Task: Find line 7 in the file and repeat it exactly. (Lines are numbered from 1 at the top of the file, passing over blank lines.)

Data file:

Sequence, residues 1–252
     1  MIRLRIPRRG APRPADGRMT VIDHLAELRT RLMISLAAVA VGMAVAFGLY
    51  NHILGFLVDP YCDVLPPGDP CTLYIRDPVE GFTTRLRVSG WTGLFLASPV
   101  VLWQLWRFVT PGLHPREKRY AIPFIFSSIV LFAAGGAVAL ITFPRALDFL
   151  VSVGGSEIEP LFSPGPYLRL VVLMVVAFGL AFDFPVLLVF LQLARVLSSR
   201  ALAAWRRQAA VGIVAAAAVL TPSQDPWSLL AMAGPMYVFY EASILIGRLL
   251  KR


   251  KR